Rove knew his party better than that, of course, and Steele’s tone-deafness was the opening he needed. Nervous donors, already suffering from the economic meltdown, were sitting on their money, uncertain where to go. In a series of meetings starting in the spring of 2009, Rove began sounding out the party’s big Republican underwriters, proposing an outside group that would effectively replace the RNC, featuring Karl Rove as the name brand on the label. He road-tested his sales pitch in Texas, he says, with old-line Bush donors like Katharine Armstrong, the ranch-and-real-estate heiress on whose family’s vast hunting grounds in South Texas Dick Cheney accidentally shot a lawyer in the face in 2006. Her land had long been Rove’s base of operations, where he shared a hunting lease with a top GOP fund-raiser in the state, James Huffines. There, Rove regularly plotted with Texas oil barons over a campfire, poking embers all night while working out strategy.
“He’s a pyromaniac,” says Armstrong, chuckling; she was duly swayed by Rove’s charm. “I said, ‘Karl, it’s a fantastic idea and you will do great and it needs to be done.’ He’s a very humble person. Sometimes it surprises me. ‘Karl, are you sure you’re not just fishing for a compliment? Or are you really insecure about this?’ ”
In truth, Rove didn’t have to work very hard. The prospect of Obama’s cap-and-trade policy was giving major heartburn to energy companies. “It’s like your doctor says you’ve got cancer and he pulls out a road map to recovery,” says Jim Francis, a close associate of billionaire oil magnate Trevor Rees-Jones, who gave $2 million to American Crossroads. “People were anxious to be supportive. And praying that it would work.”
Before Rove and his partner Ed Gillespie, the former counselor to Bush in the White House, had even slapped a name on it, American Crossroads had $25 million in commitments, mostly from patrons in Texas. To sweeten the deal, Rove said he wouldn’t take a dime for his efforts, acting only as an informal adviser, and hired as the group’s operator a well-regarded former Bush-administration official, Steven Law, who had been Senator Mitch McConnell’s chief of staff. That freed Rove to launch a separate but equally important campaign, the sort that’s become a staple of the modern campaign: the nonstop promotion of his new memoir, which sent Rove on a tour of 111 cities in 90 days, starting in March 2010. From January to November 2010, in between dozens and dozens of fund-raisers, paid speeches, and public readings, he wrote 61 op-ed columns, appeared on Fox News 83 times, and posted 1,400 tweets. His brand, and his bank account, were on the rise.
Rove, being Rove, doesn’t believe in post-Rove. “Things don’t change abruptly in politics.”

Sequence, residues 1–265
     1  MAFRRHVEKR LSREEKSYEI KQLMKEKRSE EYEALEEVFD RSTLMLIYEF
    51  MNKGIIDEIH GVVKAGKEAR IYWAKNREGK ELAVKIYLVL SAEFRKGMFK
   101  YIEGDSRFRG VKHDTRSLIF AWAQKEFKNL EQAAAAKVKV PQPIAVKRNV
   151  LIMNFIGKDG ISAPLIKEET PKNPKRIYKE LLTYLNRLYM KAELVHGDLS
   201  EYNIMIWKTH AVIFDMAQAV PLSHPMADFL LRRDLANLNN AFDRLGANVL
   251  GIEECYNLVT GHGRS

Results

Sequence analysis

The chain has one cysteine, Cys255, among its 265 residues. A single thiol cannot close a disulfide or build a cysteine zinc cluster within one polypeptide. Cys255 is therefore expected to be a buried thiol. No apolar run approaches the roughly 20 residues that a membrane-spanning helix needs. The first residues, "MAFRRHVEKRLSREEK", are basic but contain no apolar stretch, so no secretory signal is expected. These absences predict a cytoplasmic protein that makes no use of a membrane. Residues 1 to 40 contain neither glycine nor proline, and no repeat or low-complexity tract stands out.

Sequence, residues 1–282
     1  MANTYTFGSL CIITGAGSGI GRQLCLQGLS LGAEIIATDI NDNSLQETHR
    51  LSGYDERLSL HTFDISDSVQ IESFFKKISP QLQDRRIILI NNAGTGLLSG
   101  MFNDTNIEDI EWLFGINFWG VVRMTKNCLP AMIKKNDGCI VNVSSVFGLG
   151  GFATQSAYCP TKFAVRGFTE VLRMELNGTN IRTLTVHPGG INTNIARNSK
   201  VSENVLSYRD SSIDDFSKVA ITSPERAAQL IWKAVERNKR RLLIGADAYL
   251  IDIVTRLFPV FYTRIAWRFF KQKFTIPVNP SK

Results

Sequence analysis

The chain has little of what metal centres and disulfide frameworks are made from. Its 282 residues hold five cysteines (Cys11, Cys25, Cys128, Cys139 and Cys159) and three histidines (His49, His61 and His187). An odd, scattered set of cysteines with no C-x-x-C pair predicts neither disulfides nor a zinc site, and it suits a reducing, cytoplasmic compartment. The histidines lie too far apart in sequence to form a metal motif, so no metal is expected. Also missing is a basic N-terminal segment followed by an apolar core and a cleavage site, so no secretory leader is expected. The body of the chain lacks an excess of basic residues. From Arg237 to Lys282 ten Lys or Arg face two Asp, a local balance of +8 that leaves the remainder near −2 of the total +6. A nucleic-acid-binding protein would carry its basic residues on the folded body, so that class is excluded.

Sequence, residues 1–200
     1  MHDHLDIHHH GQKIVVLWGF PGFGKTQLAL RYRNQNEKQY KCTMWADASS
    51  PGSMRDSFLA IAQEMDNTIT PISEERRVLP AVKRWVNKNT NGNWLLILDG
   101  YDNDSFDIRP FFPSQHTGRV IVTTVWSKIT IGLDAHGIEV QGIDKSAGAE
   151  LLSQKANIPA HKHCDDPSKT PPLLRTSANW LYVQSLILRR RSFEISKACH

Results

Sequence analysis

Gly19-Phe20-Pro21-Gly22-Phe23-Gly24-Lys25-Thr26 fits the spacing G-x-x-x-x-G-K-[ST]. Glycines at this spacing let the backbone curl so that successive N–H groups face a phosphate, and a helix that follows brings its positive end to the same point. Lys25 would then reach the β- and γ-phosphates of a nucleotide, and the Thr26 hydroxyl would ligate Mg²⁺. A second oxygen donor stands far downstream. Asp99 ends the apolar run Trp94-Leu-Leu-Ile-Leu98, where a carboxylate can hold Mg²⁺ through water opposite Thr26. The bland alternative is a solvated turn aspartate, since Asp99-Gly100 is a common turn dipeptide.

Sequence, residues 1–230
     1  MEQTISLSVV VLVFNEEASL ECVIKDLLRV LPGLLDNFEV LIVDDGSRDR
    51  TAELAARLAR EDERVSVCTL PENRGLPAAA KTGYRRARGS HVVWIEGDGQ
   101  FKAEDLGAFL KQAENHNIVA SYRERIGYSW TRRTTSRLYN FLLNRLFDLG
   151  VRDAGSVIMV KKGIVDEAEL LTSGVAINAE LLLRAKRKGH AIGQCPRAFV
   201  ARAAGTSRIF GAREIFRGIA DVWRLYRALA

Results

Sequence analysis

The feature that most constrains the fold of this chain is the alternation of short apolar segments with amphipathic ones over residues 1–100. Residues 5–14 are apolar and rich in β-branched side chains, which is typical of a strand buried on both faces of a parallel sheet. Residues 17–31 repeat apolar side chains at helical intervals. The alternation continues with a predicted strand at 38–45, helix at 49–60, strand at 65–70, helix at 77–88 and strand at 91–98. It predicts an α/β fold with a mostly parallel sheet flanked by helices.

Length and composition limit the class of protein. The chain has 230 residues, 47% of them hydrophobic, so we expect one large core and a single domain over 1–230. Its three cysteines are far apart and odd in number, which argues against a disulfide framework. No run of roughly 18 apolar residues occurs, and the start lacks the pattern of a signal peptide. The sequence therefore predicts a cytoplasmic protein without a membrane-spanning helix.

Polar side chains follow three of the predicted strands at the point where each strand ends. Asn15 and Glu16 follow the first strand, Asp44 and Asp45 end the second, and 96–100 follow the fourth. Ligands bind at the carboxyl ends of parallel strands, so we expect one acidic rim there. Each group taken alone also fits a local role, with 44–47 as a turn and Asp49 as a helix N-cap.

Last spring, Rove was ready to don the crown. He gathered the old tribes together and effectively anointed himself their leader, holding a breakfast at his house in D.C. with eighteen leaders of rival pacs, including former Nixon and Bush 41 confidant and GOP fund-raiser Fred Malek, of American Action Network, and Mary Cheney, Dick’s daughter, representing the Partnership for America’s Future. The anxious group was packed into Rove’s cramped living room, his two massive, ceiling-high shelves of history books looming over them. Rove, the man who had won big elections for them before and promised to win more again, let his star power do the work.
“They went so they could tell their friends that they went to Karl Rove’s house,” says Steven Law. “That’s why I went.”
Rove proposed they coordinate their strategies. American Crossroads would clearly have been first among equals; by default, Rove would be the figurehead, the credibility, the brand. Afterward, they would even give the meeting a self-consciously historic name, ready-made for the second volume of Rove’s memoirs: the Weaver Terrace Group, after Karl Rove’s street address.
In Karl Rove’s immaculate and thoroughly unlived-in apartment in Georgetown, one is struck by a display on a low table near the bookcase: scale models of Air Force One and Marine One, the Sikorsky helicopter that ferries the president to the White House lawn, right next to Rove’s baby shoes, lacquered white leather lace-ups, each embossed with his birthday, December 25, 1950.
As the virtual inventor of George W. Bush, Rove claims he has no real legacy of his own. “You know, I’m not allowed to have a legacy,” he says. “I just serve in the army, so it’s the army’s legacy.”
Bush and Rove remain a hand-in-glove operation. While there were always moments of tension between them, periods when Bush was agitated over the “Bush’s Brain” moniker, when Rove was in the doghouse over the Plame affair, Rove has remained Bush’s loyal courtier. Bush attended Rove’s 60th-birthday party in Austin last year, and Rove still regularly e-mails Bush political gossip he picks up in his travels. The two men were in close contact while they wrote their respective books, comparing notes on events.